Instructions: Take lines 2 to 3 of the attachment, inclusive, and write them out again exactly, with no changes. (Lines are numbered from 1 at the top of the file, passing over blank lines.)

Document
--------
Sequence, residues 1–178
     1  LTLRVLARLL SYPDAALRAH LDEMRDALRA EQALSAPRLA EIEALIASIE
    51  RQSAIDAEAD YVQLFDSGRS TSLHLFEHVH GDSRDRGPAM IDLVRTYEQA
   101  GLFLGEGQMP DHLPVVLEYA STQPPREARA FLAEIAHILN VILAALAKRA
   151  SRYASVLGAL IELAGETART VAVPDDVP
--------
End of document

     1  LTLRVLARLL SYPDAALRAH LDEMRDALRA EQALSAPRLA EIEALIASIE
    51  RQSAIDAEAD YVQLFDSGRS TSLHLFEHVH GDSRDRGPAM IDLVRTYEQA